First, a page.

"On the morning of 17 June [30 June], just after 9 A.M., some sort of unusual natural phenomenon was observed in our area. In the settlement of N[izhne]-Karelinsk (about 200 versts [214 km] to the north of Kirensk) the peasants saw in the northwest, quite high above the horizon, some sort of body glowing with an extraordinarily intense (such that you couldn’t look at it) blue-white light, moving downwards from above over the course of 10 minutes. The body took the form of a “pipe” [or tube], i.e., cylindrical. The sky was cloudless, only low on the horizon on the same side on which the luminous body was observed, there was noted a small dark cloud. It was hot, dry. Nearing the ground (the forest), it was as if the shining body spread out, in its place there formed an enormous puff of black smoke and there was heard an extraordinarily powerful rumble (not thunder), as if from large falling stones or cannon fire. All the structures shook. At the same time a flame of undetermined form began to break out of the cloud." (Reproduced by N. V. Vasiliev, A. F. Kovalievskii, S. A. Razin, L. E. Ehpiktetova, "Pokazaniia Ochevidtsev Tunguskogo Padeniia" ["Eyewitness accounts of the Tunguska impact"], Monograph, Tomsk State University, Tomsk, 1981, citing E. L. Krinov [who worked with Kulik], "The Tunguska meteorite", Publishing House of the Academy of Sciences of the U.S.S.R., Moscow, 1949. Paragraph translated from Russian by Bill DeSmedt / Copyright 2004 © Amber Productions, Inc.).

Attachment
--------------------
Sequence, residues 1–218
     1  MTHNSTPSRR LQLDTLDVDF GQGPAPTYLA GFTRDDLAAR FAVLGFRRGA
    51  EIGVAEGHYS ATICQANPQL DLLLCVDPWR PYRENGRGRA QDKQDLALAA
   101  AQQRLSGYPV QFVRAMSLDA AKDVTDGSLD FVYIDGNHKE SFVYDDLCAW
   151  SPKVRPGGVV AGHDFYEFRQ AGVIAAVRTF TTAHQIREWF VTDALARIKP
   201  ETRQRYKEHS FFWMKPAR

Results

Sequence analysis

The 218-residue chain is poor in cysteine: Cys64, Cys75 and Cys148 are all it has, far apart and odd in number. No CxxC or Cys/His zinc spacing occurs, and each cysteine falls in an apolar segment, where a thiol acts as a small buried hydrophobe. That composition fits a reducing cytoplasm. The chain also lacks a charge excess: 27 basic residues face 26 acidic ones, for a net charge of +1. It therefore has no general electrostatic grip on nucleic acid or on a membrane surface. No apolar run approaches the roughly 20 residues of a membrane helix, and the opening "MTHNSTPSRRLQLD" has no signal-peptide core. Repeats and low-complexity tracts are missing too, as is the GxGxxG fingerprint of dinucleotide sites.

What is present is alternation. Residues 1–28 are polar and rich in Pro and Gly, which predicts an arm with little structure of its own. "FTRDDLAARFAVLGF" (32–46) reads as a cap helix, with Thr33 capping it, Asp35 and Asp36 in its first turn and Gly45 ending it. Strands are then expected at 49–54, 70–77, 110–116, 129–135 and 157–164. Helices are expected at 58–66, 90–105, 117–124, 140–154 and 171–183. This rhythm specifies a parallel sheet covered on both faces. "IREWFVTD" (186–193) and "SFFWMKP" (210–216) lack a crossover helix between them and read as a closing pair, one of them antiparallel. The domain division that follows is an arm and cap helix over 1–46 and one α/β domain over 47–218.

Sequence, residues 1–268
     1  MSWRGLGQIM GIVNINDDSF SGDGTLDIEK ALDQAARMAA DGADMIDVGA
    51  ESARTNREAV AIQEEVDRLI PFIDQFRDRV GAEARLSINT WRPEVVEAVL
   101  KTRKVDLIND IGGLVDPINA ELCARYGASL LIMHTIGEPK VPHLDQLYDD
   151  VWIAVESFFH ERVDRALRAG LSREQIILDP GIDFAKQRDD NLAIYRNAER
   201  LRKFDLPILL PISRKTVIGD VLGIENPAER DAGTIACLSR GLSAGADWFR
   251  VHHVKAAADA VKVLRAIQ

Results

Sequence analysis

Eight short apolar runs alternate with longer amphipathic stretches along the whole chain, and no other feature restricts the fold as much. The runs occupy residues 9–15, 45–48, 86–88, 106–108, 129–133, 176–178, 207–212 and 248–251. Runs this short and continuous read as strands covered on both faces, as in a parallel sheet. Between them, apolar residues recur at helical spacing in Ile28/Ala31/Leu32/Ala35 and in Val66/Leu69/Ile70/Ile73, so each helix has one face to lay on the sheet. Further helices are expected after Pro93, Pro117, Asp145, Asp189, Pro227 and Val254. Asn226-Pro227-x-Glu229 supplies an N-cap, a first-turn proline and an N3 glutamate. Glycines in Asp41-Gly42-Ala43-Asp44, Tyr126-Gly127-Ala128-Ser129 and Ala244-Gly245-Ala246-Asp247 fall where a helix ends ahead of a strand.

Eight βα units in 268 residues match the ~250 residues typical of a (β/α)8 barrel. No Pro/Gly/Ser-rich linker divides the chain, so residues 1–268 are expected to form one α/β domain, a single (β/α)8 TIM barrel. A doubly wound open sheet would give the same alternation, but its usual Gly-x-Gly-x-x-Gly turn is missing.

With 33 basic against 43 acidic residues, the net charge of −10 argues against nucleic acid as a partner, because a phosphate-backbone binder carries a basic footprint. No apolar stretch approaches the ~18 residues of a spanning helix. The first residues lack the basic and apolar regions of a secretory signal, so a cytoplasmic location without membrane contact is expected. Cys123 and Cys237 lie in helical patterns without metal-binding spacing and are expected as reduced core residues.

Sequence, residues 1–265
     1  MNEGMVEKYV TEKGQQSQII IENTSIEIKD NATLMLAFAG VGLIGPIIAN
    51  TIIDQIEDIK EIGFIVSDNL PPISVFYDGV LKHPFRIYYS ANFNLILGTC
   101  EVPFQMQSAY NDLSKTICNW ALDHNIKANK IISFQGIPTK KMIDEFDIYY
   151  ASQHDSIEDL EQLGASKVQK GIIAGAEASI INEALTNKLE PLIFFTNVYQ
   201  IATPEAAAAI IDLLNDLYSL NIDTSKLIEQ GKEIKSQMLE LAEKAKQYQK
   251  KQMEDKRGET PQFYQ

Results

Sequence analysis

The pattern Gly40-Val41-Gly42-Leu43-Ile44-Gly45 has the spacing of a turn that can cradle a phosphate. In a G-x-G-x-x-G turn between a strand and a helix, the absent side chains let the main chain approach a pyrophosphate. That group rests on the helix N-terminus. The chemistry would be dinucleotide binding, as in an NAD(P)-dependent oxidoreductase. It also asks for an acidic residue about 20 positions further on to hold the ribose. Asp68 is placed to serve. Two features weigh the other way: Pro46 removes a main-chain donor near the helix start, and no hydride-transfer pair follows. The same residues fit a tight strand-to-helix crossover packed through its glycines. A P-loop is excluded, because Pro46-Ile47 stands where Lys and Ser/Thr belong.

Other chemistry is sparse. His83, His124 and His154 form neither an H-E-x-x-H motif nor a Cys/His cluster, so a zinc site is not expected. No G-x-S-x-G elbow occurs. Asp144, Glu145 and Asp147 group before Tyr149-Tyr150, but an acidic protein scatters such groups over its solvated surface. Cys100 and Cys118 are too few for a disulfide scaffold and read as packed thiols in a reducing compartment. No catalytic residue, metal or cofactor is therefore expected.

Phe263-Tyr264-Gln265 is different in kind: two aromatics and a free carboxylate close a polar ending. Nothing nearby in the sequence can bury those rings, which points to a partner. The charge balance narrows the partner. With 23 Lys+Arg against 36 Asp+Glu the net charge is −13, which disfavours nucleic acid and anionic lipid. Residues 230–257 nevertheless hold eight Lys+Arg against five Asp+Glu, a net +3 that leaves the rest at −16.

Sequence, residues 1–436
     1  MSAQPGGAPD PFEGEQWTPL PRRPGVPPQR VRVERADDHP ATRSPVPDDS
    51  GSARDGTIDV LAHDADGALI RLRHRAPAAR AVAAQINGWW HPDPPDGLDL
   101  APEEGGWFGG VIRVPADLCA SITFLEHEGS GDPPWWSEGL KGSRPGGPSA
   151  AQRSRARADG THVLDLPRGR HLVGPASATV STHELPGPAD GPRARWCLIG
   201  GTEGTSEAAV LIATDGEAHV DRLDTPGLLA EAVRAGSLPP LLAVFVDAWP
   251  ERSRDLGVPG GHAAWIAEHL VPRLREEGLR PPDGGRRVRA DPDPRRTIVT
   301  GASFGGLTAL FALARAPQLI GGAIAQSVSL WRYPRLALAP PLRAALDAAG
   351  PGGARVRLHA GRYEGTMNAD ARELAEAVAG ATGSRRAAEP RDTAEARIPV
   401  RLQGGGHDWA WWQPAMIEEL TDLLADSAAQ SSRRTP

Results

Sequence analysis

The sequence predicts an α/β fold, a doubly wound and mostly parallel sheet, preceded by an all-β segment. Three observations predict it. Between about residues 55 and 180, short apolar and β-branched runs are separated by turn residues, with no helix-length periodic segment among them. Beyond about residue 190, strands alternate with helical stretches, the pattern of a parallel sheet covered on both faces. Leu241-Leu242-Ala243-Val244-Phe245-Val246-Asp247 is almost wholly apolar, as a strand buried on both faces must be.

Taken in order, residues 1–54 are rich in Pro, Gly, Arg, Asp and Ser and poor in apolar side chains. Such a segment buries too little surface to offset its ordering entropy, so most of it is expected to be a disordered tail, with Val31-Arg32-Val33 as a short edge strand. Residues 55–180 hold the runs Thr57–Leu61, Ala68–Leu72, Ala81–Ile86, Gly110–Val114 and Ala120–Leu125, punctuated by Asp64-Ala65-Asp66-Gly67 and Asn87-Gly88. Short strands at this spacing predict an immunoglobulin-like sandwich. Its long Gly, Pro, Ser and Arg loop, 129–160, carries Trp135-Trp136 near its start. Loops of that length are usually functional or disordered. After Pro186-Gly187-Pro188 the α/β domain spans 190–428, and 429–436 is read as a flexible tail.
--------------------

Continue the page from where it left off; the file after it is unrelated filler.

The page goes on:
When the event of 1908 became clear to him, Kulik took the Trans-Siberian Railway and reached the town of Kansk. Gathering information from the locals, by 1922 he got estimate that the object fell on the region of the Stony Tunguska River, near a river that flows into it from the right bank, the Vanavara, specifically in a small tributary of the left bank of the latter, the Ogniya river. This place was located about 600 km further ahead. (Kulik, 1922, 1923, 1927, cited by Giuseppe Longo in "The Tunguska event", chapter 18 of the book "Comets/asteroids impacts and Human society. An interdisciplinary approach", edited by Peter Bobrowsky and Hans Rickman, Springer, Berlin, 2007).

Five years later, in 1927, Kulik returned to Siberia, now in command of a well-prepared expedition.